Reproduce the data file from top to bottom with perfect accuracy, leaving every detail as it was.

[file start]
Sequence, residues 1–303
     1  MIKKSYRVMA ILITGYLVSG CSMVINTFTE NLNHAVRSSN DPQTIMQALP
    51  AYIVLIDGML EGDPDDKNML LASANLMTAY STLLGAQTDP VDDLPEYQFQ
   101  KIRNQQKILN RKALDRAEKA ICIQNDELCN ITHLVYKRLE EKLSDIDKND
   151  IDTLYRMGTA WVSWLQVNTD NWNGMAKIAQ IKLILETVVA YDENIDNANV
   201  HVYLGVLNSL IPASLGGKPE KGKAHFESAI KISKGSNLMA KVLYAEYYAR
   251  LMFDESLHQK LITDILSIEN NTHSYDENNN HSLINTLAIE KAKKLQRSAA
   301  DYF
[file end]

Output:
Sequence, residues 1–303
     1  MIKKSYRVMA ILITGYLVSG CSMVINTFTE NLNHAVRSSN DPQTIMQALP
    51  AYIVLIDGML EGDPDDKNML LASANLMTAY STLLGAQTDP VDDLPEYQFQ
   101  KIRNQQKILN RKALDRAEKA ICIQNDELCN ITHLVYKRLE EKLSDIDKND
   151  IDTLYRMGTA WVSWLQVNTD NWNGMAKIAQ IKLILETVVA YDENIDNANV
   201  HVYLGVLNSL IPASLGGKPE KGKAHFESAI KISKGSNLMA KVLYAEYYAR
   251  LMFDESLHQK LITDILSIEN NTHSYDENNN HSLINTLAIE KAKKLQRSAA
   301  DYF